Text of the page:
The next reference to the sea, pontos, at lines 620–622 pairs the noun not with oinops but with another common epithet for the sea, ἠεροειδέα [ēeroeidea, ‘misty’], as well as with the preposition ἐς [es, ‘into’]. These lines refer specifically to the dangers of sailing at the wrong time of year, during storms, which relates to the Homeric passages we discussed in ‘Oinops and the Wide Open Sea’.
The advice is to draw the ship up onto land for the winter. I noticed that it is important that it should be kept dry, at line 626:
χείμαρον ἐξερύσας, ἵνα μὴ πύθῃ Διὸς ὄμβρος.
otherwise, the rain of Zeus will rot it.
This passage reminded us all of the sēma of Nestor with:
ἕστηκε ξύλον αὖον ὅσον τ᾽ ὄργυι᾽ ὑπὲρ αἴης
ἢ δρυὸς ἢ πεύκης: τὸ μὲν οὐ καταπύθεται ὄμβρῳ,
Standing over there is a stump of deadwood, a good reach above ground level.
It had been either an oak or a pine. And it hasn’t rotted away from the rains.
(Iliad XXIII 327–328, Sourcebook)
And we noticed in relation to this that the steering-oar is being smoked above the fireplace. Claudia thought it was metonymic for the ship as a whole, as if it were being sacralized. The word κρεμάσασθαι [kremasasthai, from kremaō, ‘to hang up’] is often used in the sense of hanging something up as an offering, although the expression ‘hanging up one’s rudder’ can also be used metaphorically to mean ‘give up the sea’ (LSJ, on Perseus).
I wondered if the smoke from the fire was preserving it, like smoked fish or mummies [tarikhos], and also wondered if the steering oar is in a sacred position receiving the smoke as the gods do when the sacrifices are burned.
Claudia pointed out that the hearth is a fixed point. There seems to be something very significant about preservation: the grapes are also dried, then preserved (and transformed) by storage in underground jars; the boat is preserved by packing it with stones; and the steering oar is preserved by smoking. The stones in the boat also make it fixed, weighted down but on dry land, and it is also fixed and cannot go anywhere.
Claudia also pointed out that the verb for ‘packing’ (used here with ‘stones’) in line 624 is πυκάσαι [pukasai]. The root of this word also appears in the adjective pukanos which has a sense of being packed closely in both space and time, and is used of things like tiles, feathers on a bird, or groans of lamentation. One example is in Odysseus’ account of the Greeks being tightly packed together when they were hiding inside the wooden horse:
“Then when we went down into the horse that Epeios toiled to make with the best [aristos] of the Argives, and it was laid entirely upon me
525to open the door to our close-packed [pukinos] ambush or close it,”
(Odyssey xi 523-525, cited by Mary Ebbott and Casey Dué in Chapter 2 of Iliad 10 and the Poetics of Ambush)
Another is in the description of the troops led by the two Ajaxes:
τοῖαι ἅμ᾽ Αἰάντεσσι διοτρεφέων αἰζηῶν
δήϊον ἐς πόλεμον πυκιναὶ κίνυντο φάλαγγες
thus did the ranks of stalwart youths move in a dark mass to battle under the Ajaxes”
(Iliad IV 280-282, from Perseus)
A steering-oar is in the hand of Menelaos’s steersman Phrontis when he dies, in one of our other passages:
Apollo with his painless
 shafts killed Phrontis the steersman of Menelaos’ ship (and never a man knew better how to handle a vessel in rough weather) so that he died then and there with the steering oar [pēdalion] in his hand, and Menelaos, though very anxious to press forward,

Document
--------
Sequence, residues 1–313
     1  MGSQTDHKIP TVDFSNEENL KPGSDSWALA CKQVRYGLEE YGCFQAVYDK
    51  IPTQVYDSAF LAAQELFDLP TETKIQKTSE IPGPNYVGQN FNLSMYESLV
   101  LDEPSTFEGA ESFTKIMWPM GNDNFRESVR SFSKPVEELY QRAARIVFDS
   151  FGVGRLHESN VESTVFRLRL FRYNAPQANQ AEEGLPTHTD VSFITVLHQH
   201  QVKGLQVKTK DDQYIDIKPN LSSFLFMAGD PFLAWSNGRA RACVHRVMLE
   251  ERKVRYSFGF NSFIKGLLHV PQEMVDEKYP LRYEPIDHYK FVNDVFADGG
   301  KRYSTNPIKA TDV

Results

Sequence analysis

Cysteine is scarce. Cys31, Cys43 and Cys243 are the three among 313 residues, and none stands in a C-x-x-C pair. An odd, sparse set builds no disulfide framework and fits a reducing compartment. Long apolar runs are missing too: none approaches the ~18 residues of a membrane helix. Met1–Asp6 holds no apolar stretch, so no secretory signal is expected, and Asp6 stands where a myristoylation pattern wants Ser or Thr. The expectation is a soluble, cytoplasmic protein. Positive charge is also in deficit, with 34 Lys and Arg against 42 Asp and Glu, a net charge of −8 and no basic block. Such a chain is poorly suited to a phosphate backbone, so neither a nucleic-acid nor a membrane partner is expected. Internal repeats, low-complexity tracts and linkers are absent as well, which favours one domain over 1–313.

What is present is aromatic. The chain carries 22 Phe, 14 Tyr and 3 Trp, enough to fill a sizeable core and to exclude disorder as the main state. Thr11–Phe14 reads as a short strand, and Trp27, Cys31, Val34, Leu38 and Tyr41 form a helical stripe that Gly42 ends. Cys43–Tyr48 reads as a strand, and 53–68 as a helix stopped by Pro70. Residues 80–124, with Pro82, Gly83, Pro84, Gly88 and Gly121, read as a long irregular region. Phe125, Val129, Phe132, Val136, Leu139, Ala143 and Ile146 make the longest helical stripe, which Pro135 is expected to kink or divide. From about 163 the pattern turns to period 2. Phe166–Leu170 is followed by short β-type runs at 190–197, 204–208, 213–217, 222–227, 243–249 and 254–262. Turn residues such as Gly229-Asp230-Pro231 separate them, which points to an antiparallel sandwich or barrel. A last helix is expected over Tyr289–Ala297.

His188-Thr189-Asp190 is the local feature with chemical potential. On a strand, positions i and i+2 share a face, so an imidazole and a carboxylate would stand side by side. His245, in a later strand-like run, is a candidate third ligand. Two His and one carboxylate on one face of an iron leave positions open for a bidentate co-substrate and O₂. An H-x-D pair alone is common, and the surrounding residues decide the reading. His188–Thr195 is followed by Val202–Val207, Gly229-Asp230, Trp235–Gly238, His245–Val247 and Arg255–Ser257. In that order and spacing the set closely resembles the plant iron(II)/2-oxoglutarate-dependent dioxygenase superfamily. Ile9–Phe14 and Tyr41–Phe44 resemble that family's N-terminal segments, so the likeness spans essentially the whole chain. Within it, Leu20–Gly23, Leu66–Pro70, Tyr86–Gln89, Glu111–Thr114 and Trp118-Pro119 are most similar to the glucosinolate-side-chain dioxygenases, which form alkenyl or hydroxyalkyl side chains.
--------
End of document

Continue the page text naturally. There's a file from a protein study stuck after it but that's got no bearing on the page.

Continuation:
had to wait in order to bury his comrade and give him his due funeral rites. But when at last that one [Menelaos] was going across the wine-faced [oinops] sea [pontos], and had sailed on as far as the Malean headland, Zeus of the wide brows counseled evil against him and made it blow hard
 till the waves ran mountains high. Here he divided his fleet and took the one half towards Crete where the Cydonians dwell round about the waters of the river Iardanos. There is a high headland hereabouts stretching out into the sea from a place called Gortyn,
 and all along this part of the coast as far as Phaistos the sea runs high when there is a south wind blowing, but past Phaistos the coast is more protected, for a small headland can make a great shelter. Here this part of the fleet was driven on to the rocks and wrecked; but the crews just managed to save themselves.
 As for the other five ships, they were taken by winds and seas to Egypt
(Odyssey iii 279–300, modified from Sourcebook)
And in the following passage, although oinops is not mentioned, the steering-oar also features prominently when Odysseus on his raft sets out from Circe’s island and keeps his eyes on the same stars that are mentioned in the Hesiod passage:
he [Odysseus] sat and guided the raft skillfully by means of the rudder [pēdalion]. He never closed his eyes, but kept them fixed on the Pleiades, on late-setting Boötes, and on the Bear – which men also call the wagon, and which turns round and round where it is, facing Orion,
and alone never dipping into the stream of Okeanos
(Odyssey v 270–275, modifed from Sourcebook)
The Pleiades are only visible during the winter months, and in the passage from Works and Days the advice is not to sail at that time of year. Jacqui pointed us to how Professor Nagy discusses this part of Odysseus’ voyage in The Best of the Achaeans 10§38, which demonstrates how Odysseus is sailing at that most dangerous time of year.
This means that the journey of Telemakhos is also undertaken during the winter months, again against the advice in Works and Days, which throws light on why the dangerous oinopa ponton appears in one of our other passages:
Telemakhos went on board ….. Then the men loosed the hawsers and took their places on the benches. Owl-vision Athena sent them a fair wind from the West, that whistled over the wine-faced [oinops] sea [pontos] (Odyssey ii 416–420, modified from Sourcebook)
The stars, the Dawn, the navigation by watching, all tie in with the themes of watching, seeing, and light, that we noticed in our other passages.